International Journal of Law and Management

ISSN: 1754-243X

Article publication date: 12 July 2011



Gale, C. (2011), "Editorial", International Journal of Law and Management, Vol. 53 No. 4. https://doi.org/10.1108/ijlma.2011.01053daa.001



Emerald Group Publishing Limited

Copyright © 2011, Emerald Group Publishing Limited


Article Type: Editorial From: International Journal of Law and Management, Volume 53, Issue 4

This edition again brings together diverse articles for consideration. There are five articles again this time and none from the UK. This is no adverse comment about our UK contributors but instead a positive comment about the true international dimension of quality articles we receive.

There are two fascinating submissions from India. K. Srinivasa Reddy, V.K. Nangia and Rajat Agarawal talk about the review, rewriting and impact of the Indian Takeover Code showing how regulation has followed the dramatic changes in that country over the last 20 years. Divakara Babu Chennupati and Rajasekhara Mouly Potluri discuss cartels from an Indian viewpoint. Both articles show how this vast nation has moved so far and so quickly and address some of the issues which go along with such expansion and the struggle regulators and legislators have to keep up. The editorial team feel there is much more to be heard from India in the foreseeable future and look forward to more stimulating contributions.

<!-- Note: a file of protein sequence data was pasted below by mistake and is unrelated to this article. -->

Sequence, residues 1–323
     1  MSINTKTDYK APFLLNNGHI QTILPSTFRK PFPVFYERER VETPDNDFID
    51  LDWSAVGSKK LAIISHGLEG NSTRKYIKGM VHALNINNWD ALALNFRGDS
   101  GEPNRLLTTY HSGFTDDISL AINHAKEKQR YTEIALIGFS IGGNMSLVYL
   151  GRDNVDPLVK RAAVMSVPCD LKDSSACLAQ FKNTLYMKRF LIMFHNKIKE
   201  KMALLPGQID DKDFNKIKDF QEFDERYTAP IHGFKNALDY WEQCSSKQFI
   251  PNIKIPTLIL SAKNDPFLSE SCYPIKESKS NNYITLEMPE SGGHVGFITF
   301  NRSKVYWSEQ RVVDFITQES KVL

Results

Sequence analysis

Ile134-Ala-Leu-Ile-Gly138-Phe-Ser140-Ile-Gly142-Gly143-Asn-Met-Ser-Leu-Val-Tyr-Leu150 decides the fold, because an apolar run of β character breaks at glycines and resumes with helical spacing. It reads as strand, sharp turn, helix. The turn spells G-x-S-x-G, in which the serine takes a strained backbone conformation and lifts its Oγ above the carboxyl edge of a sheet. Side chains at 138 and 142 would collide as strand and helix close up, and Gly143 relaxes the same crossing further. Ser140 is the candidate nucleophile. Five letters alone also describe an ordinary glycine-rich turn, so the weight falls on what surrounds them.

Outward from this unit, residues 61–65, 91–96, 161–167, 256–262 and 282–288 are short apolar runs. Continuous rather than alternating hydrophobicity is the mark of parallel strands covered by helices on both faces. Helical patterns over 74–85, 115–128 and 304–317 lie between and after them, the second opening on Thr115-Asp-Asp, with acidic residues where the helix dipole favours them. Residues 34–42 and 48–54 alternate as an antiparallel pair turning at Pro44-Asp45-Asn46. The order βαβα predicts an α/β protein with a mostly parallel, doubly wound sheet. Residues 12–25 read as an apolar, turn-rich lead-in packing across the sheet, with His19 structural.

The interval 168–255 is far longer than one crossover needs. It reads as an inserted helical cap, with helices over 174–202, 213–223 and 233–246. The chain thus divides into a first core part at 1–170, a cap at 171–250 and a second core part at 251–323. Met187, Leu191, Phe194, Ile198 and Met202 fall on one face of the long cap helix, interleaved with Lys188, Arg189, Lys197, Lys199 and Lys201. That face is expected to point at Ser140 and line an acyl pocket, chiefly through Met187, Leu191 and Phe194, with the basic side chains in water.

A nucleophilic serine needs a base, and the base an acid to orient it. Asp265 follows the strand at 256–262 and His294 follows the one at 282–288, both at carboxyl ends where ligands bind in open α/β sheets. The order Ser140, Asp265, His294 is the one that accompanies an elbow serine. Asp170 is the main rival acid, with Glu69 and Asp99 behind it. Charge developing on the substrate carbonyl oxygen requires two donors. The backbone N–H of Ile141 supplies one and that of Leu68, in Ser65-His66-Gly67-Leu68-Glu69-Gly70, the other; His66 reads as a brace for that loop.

Shahed Ali and Felicia Lee write on Court Based Mediation on the Rise: Lessons Learned from a Comparative Examination of Global Civil Justice Reforms. Alternative dispute resolution is close to the heart of this writer and the rise of mediation, court based or otherwise, is about as meteoric as the change in the Indian economy over a similar period! This piece makes some very interesting points and it is to be hoped that the best is understood and employed around the world whilst worthwhile experiments in timeliness, fairness and cost effectiveness of all forms of ADR are pursued worldwide.

A. Posthuma, Mark V. Roehling and Michael A. Campion talk about a risk assessment model for discrimination in employment for international employers and shows yet more of the issues to be addressed, or sometimes not addressed, in the global economy. Companies looking to move beyond their own national boundaries for the first time could do worse than starting by looking at this article and the conclusions to be drawn from it.

Finally, Joseph Zubcic and Robert Sims examine the link between enforcement activity and corporate compliance by Australian companies and the implications for regulators in an adaptation of the paper given at the 2010 BESI conference.

All in all, we hope, another truly global and debate inspiring edition awaits!

Chris Gale

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